You just have to learn the craft, he says, and start transcribing your heroes. “Bands like XTC were at the top of the heap for me, the Elvis Costellos of this world, a lot of ’60s British invasion stuff, on and on, but the point is that keyboards became my writing tool. If the song ended up as a more guitar‑oriented pop song, that was fine with me. I just started using keyboards as a way to navigate. And anything I heard in my head, I could get on the keyboards.”

Roger Manning: Your songs are only going to be as inventive and creative as your basic chord vocabulary. Having studied keyboard since the age of five, the sky was the limit. My knowledge of harmony was quite advanced, so it wasn’t going to be I‑IV‑V for me.

This was an advantage over his friends who wanted to play guitar. “A lot of them would learn their basic folk chords and be off and running. Well, that’s fine, except you’re going to be at the mercy of how many chords you know. Your songs are only going to be as inventive and creative as your basic chord vocabulary. Having studied keyboard since the age of five, the sky was the limit. My knowledge of harmony was quite advanced, so it wasn’t going to be I‑IV‑V for me. I have no problem with three‑chord rock — some of my favourite songs are three‑chord rock — but there’s a benefit in having that power in your back pocket. I was very grateful for that, because I knew that a lot of my friends didn’t have it.”

Fishing Expedition

Roger co‑founded Jellyfish in the late ’80s, and he recalls that as he and Andy Sturmer began work on their first album (Bellybutton, 1990) they both wanted to bring in the sounds of yesteryear. “Hammonds in new ways, Wurlitzers in new ways, Mellotrons in new ways. Synthesizers were a big no‑no at that time — that was the height of grunge — and we were shy of those elements. But by the second Jellyfish record we started bringing synths into it, and samples, too.”

Jellyfish's Spilt Milk (1993) is a beautiful piece of pop splendour.Jellyfish's Spilt Milk (1993) is a beautiful piece of pop splendour.Spilt Milk (1993) is a beautiful piece of pop splendour, a detailed creation carefully designed from the ground up that provoked much praise from contemporary musicians and producers. It was recorded in 1992 around Los Angeles, and Roger remembers how they had grown since Bellybutton not only instrumentally but also as arrangers. “We could hire a real string quartet to come in and play parts that we would arrange on samplers or keyboards, or if we preferred the scratchy Mellotron string sound, we would use that, or we would combine the two, or... it was whatever we wanted. That can be a double‑edged sword, of course. But Los Angeles was a great place to be, loaded with some of the best players in the world. So we would bring guys in to play, say, harmonica, guys who’d been playing on people’s records for 40 years. Just a very exciting time.”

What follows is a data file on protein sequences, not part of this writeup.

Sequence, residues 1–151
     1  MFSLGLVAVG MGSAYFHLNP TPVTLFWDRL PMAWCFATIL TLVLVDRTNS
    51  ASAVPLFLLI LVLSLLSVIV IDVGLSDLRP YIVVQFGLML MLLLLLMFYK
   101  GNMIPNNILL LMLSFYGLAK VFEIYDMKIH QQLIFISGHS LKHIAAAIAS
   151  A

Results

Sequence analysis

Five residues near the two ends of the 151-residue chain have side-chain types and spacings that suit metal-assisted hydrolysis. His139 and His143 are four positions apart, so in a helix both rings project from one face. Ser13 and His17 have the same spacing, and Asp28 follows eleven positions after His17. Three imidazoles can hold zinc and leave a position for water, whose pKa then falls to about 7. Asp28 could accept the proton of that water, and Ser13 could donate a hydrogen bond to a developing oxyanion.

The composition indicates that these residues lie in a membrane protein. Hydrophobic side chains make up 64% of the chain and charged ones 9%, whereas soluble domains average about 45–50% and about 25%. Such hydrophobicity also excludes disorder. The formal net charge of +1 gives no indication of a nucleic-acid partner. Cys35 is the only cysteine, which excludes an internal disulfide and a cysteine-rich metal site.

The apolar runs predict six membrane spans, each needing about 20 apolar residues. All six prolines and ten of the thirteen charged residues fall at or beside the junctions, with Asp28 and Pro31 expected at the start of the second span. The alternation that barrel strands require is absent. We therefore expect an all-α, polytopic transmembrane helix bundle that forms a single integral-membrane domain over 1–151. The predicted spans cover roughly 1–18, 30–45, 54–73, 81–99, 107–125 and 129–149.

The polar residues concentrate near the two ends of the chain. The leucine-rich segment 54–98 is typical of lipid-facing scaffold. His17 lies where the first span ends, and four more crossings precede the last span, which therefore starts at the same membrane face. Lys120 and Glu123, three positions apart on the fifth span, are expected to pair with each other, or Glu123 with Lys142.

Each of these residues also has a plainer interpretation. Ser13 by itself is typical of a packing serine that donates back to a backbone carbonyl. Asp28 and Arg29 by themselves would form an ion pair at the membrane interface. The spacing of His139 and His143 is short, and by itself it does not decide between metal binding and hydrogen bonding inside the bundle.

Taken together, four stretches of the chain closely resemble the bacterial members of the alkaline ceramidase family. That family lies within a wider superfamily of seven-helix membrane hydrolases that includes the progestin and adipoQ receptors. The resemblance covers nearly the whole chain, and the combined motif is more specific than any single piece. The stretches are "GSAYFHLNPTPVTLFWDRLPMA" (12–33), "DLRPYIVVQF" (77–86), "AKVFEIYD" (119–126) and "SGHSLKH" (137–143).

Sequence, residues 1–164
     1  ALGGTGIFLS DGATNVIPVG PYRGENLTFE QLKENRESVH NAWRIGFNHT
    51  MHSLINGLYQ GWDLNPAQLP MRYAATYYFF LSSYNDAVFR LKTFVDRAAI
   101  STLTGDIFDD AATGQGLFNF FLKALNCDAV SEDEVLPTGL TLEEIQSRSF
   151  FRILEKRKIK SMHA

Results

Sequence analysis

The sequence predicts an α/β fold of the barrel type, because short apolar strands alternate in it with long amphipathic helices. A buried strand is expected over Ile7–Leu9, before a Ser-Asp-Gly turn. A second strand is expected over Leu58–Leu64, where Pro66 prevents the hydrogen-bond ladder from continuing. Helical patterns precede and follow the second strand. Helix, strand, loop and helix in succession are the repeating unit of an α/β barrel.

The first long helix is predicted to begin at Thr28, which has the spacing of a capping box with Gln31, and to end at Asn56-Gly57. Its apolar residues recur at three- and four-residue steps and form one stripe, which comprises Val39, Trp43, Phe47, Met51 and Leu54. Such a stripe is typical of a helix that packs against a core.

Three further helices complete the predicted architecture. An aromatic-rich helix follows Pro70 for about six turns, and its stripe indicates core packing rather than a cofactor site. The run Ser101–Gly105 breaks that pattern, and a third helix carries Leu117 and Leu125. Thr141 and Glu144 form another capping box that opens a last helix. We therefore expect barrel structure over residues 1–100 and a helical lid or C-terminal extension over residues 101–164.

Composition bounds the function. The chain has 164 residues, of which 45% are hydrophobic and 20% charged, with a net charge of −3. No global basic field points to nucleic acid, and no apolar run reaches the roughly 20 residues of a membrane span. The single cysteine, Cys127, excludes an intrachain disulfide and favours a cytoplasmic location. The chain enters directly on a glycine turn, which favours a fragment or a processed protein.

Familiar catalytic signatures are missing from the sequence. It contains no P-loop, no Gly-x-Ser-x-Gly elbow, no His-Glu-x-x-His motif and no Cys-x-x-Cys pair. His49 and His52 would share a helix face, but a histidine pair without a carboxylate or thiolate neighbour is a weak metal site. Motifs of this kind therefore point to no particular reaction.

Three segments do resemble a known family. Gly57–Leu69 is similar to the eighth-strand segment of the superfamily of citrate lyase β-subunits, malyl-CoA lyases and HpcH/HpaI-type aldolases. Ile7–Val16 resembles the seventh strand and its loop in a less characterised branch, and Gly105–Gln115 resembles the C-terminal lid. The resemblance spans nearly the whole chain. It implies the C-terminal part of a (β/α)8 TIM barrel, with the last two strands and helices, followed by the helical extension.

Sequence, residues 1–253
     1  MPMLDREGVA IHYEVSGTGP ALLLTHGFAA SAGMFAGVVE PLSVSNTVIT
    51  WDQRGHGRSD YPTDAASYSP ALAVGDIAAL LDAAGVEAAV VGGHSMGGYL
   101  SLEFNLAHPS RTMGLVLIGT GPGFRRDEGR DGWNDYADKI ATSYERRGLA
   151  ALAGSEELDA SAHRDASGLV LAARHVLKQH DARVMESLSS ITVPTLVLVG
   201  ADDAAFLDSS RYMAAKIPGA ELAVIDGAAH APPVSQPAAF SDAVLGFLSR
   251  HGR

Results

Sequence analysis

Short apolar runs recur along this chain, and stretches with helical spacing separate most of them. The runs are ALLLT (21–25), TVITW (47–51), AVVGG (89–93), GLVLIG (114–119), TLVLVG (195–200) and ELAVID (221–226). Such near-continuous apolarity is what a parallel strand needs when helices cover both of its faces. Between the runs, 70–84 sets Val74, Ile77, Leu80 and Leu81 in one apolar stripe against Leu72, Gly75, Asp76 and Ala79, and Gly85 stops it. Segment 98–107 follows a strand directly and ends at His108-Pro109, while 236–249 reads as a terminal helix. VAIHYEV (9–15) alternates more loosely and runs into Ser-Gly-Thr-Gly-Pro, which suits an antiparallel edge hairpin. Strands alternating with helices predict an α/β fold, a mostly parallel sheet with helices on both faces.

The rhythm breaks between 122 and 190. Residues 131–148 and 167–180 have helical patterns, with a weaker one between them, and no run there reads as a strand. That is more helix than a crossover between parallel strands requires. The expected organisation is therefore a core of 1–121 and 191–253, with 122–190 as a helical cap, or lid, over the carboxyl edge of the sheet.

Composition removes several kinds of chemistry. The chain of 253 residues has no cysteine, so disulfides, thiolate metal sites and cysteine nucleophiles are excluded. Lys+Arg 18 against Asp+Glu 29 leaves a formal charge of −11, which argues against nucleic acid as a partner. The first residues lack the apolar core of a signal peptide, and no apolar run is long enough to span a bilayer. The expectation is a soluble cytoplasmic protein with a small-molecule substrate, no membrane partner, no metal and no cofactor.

One of his favourites on Spilt Milk is ‘He’s My Best Friend’, which he describes as an uplifting slice of ’60s/’70s‑style singer‑songwriter pop, very Harry Nilsson in its approach and production. “We had fun arranging that, because it’s lighthearted but also has a beautiful, almost Simon & Garfunkel lyricism. I spent a lot of time arranging those clarinet ensembles — completely out of my realm, but you throw yourself into these crash courses in arranging. How could I assemble all my musical education and come up with something that’s fun and inventive, but doesn’t get in the way of a lead vocal? It’s the constant arranging conundrum.”

The cinematic ‘Russian Hill’, meanwhile, features the unusual combination of Bruce Kaphan’s pedal steel guitar and Roger’s string arrangement. “That was my very first real string arrangement,” he says with pride. “I spent a long time on it, and it was a 20‑piece orchestra, so it had this larger kind of grand Hollywood sound to it.”

The studio team was the same as it had been for Bellybutton: Albhy Galuten and Jack Joseph Puig. “Jack was coming more from the sonic side of things,” Roger explains, “and Albhy more from the traditional Tom Dowd, Phil Ramone, Quincy Jones‑style producer, that understanding of everything from the song to ‘Your demo idea works here, but this is why I think it may not work and serve you best here.’ We trusted those guys like big brothers, mentors, parental figures. We were very lucky to have been introduced to them. We knew that no matter how great or unconfident we were about certain songs and our demo’ing, they had our backs, that whatever song we tackled, this was the perfect four‑person team to do the job.”

There are clear influences resonating around the vocal arrangements on Spilt Milk, but Roger has an interesting perspective on the connections. “It’s an area that fascinated the hell out of me, and Andy too. A lot of my vocal arranger heroes, whether it’s Brian Wilson or Richard Carpenter or Fleetwood Mac or Queen, a lot of it comes from keyboard players. Freddie’s a keyboard player. Brian’s a keyboard player. Richard’s a keyboard player. And I think the vocal work appealed to that part of my arranging sense, too. It was a lot of trial and error — Andy and I would have to work it out, eventually, and we lost and gained band members along the way, but thankfully we found very talented guys who could sing. We started to do it on Bellybutton, but in my opinion our dreams and goals were perfected on Spilt Milk, which to me is much more the realised Jellyfish sound. I feel we really did what we set out to do by that second album.”